It includes the Antenatal Universal Pathway developed across Maternity, Family Nurse Partnership and Universal Health Visiting Services, based upon GIRFEC principles. (Appendix 1)

This protocol introduces the concept of and circumstances where there is a requirement to appoint a Lead Health Professional whose role is to ensure that planning and delivery of complex health care, ongoing and particularly at discharge and times of transition remains robust and coordinated. 

It applies GIRFEC principles in identifying both a Lead Health Professional role and multidisciplinary team known as the Team around the Child (TAC). 

It enhances the support to children, young people and families provided by the Named Person and enables a person centred care response to identified health needs.

Where another agency is involved with the child, young person or family and fulfils the role of the Lead Professional, the framework strengthens the health contribution to multiagency assessment and planning (via the role the Lead Health Professional) and ensures that complex heath care continues to be robustly planned and co-ordinated across all multidisciplinary health teams involved with the child or young person’s care.

It describes a pathway which ensures seamless transition through services applying the same model and principles throughout the patient’s journey.

Any pathway has to be flexible and responsive to fluctuating need. Assessment and identification of care management is not a binary process and must be seen in the context of multiple factors such as changing need and vulnerabilities, or at points of transition and transfer of care.

Information sharing between professionals and services is an essential component in the ongoing assessment and identification of need. (Appendix 2).

Robust communication between professionals must be diligently endorsed and applied throughout the patient’s journey.

Systems and processes must be in place which supports effective communications and information sharing.

Datasets must be agreed by services which enable effective care management as well as provide the ability to monitor outcomes.

It is the duty and responsibility of professionals to fully embrace the GIRFEC principles and undertake robust assessment of need based on wellbeing indicators and My World Triangle.

 2.2 Named Person and Lead Health Professional Role

The Named Person Role

Every child and young person will have a Named Person. The Named Person will usually be a practitioner from a health board or an education authority, and  someone whose job will mean they are already working with the child. The Named Person will act as the first point of contact for  children, young people and families  providing a central point of contact if a child, young person or their parent (s) want information or advice, or if they want to talk about any worries and seek support The Named Person can also, when appropriate, reach out to different services who can help and enable access to assistance more easily.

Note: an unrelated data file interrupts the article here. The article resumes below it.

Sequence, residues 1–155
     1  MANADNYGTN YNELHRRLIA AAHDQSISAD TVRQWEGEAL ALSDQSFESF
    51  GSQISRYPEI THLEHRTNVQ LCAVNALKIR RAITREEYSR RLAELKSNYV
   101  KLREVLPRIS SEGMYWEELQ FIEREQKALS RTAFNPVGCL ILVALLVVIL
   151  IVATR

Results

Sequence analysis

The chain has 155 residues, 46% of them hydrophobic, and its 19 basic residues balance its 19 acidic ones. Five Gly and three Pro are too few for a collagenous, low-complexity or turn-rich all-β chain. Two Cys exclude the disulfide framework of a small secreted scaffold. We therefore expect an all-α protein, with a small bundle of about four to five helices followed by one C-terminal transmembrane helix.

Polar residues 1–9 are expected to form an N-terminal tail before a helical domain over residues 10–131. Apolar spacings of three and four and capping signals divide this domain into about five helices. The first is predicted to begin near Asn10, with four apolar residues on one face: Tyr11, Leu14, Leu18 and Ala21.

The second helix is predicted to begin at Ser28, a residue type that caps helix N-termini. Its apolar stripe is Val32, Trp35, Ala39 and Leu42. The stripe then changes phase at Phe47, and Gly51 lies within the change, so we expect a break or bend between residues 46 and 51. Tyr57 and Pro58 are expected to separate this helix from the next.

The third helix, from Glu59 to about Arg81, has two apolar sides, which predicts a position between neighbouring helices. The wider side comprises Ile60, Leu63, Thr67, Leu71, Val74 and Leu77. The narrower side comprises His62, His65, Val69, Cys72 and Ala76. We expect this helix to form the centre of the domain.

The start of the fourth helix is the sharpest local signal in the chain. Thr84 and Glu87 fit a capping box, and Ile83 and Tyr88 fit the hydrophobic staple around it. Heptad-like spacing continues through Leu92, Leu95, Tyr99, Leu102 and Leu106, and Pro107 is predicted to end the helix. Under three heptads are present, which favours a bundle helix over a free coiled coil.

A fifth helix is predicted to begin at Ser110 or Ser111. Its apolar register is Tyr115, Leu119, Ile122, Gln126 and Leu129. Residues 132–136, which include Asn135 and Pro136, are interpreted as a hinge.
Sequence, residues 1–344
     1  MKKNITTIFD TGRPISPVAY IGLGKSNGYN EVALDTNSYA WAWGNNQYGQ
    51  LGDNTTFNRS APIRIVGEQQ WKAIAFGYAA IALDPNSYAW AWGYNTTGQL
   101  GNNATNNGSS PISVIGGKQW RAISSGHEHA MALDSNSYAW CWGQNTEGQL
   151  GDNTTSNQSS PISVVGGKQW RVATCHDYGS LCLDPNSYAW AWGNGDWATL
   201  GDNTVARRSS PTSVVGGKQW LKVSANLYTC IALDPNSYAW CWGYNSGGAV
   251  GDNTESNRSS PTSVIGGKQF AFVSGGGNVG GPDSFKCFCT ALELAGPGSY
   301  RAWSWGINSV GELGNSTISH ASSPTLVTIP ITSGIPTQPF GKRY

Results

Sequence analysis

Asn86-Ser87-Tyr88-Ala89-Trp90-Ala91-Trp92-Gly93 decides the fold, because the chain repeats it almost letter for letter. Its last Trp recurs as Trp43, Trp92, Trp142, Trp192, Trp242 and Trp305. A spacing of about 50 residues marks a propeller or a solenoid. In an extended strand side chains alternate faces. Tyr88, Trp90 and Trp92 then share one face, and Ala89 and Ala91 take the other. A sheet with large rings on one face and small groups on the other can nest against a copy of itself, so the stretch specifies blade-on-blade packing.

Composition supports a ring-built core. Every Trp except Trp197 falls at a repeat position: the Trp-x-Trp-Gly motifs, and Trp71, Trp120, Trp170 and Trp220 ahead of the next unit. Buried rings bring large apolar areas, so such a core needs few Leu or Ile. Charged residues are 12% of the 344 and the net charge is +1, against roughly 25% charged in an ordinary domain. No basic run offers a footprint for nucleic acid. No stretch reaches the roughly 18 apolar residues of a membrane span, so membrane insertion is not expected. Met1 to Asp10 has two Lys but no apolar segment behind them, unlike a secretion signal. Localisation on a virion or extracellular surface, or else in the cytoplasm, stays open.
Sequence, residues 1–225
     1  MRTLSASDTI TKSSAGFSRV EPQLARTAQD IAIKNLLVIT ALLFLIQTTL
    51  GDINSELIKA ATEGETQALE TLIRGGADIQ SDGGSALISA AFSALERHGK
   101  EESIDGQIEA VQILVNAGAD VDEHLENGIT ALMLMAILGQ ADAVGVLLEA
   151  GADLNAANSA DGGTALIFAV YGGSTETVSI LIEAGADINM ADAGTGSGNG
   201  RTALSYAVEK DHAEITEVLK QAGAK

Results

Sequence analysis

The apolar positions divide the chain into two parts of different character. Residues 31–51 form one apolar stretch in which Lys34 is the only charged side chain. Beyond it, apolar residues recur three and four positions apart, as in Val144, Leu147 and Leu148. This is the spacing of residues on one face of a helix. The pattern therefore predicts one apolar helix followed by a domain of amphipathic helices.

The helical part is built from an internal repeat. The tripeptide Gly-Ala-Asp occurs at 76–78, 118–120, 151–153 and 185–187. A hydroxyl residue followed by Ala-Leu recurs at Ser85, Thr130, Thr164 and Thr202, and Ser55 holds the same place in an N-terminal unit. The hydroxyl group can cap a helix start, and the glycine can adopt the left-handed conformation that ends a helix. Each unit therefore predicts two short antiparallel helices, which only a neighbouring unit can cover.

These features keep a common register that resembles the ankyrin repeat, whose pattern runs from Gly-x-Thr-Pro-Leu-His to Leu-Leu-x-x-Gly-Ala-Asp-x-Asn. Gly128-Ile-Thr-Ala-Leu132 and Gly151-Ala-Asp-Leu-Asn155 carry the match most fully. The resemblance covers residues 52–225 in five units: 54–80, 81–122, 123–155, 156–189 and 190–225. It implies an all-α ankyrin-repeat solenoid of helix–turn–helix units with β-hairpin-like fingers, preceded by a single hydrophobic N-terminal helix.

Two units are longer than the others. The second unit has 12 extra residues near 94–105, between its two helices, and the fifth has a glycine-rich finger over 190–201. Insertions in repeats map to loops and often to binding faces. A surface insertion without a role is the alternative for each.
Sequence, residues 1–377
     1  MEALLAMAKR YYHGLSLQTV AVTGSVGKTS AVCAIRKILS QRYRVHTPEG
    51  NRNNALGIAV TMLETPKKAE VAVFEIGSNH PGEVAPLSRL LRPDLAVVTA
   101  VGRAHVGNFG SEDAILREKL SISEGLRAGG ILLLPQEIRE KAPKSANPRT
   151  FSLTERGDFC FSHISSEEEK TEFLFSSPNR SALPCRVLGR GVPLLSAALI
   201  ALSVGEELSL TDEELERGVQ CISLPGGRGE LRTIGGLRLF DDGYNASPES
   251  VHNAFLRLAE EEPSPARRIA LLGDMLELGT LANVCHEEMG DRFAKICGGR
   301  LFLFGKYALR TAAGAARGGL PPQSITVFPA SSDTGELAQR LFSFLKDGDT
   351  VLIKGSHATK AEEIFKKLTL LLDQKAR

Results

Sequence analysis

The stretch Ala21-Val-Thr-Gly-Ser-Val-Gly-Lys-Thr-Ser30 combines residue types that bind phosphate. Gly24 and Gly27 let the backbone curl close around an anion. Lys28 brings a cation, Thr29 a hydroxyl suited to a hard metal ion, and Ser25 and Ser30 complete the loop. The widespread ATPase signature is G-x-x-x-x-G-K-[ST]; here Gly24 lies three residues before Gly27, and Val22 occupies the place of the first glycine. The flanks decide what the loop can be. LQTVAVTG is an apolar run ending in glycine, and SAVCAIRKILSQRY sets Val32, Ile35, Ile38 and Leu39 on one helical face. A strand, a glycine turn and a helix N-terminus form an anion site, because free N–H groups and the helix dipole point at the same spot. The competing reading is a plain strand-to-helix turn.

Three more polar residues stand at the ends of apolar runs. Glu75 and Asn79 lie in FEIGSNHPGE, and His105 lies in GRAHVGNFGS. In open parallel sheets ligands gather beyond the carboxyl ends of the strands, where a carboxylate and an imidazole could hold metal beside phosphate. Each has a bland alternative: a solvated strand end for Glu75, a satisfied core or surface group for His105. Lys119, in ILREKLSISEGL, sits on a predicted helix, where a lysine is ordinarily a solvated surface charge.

The role includes:

  1. Assessment of what children and young people need, within the context of their professional responsibilities
  2. Linking with the relevant services that can help them

    And

  3. Being a single point of contact for services that children and families can use, if they wish. The Named Person is in a position to intervene early to prevent difficulties escalating. This is an essential feature of a child centred approach to early intervention.

The role offers a way for children and young people to make sense of a complicated service environment, as well as a way to prevent any problems or challenges they are facing in their lives remaining unaddressed due to professional service boundaries. Their job is to understand what children and young people need, and quickly make the connection to those services that can help when extra help is needed.

The Lead Professional Role

There are some circumstances where children and young people’s needs involve two or more agencies working together delivering services to the child and family. Where this happens, in all cases, a Lead Professional will be needed. The Lead Professional becomes the person within the network of practitioners supporting the child, young person and family who will make sure that the different agencies work together and the help they are all offering fits together seamlessly to provide appropriate support for the child and family. The Lead Professional will have a significant role in working with other agencies to co-ordinate a multi-agency Child’s Plan.

Across the Local Authorities contained within Greater Glasgow and Clyde, Health, Education and Social work have agreed the following demarcations for identifying Named Person and Lead Professional responsibility:

Age and Stage

Named Person

Pre- Birth to 14 days old

Health Visitor or FN

Children aged  0-5

Health Visitor

Children aged 5-16

Education Staff

 

Children and Young Person

Lead Professional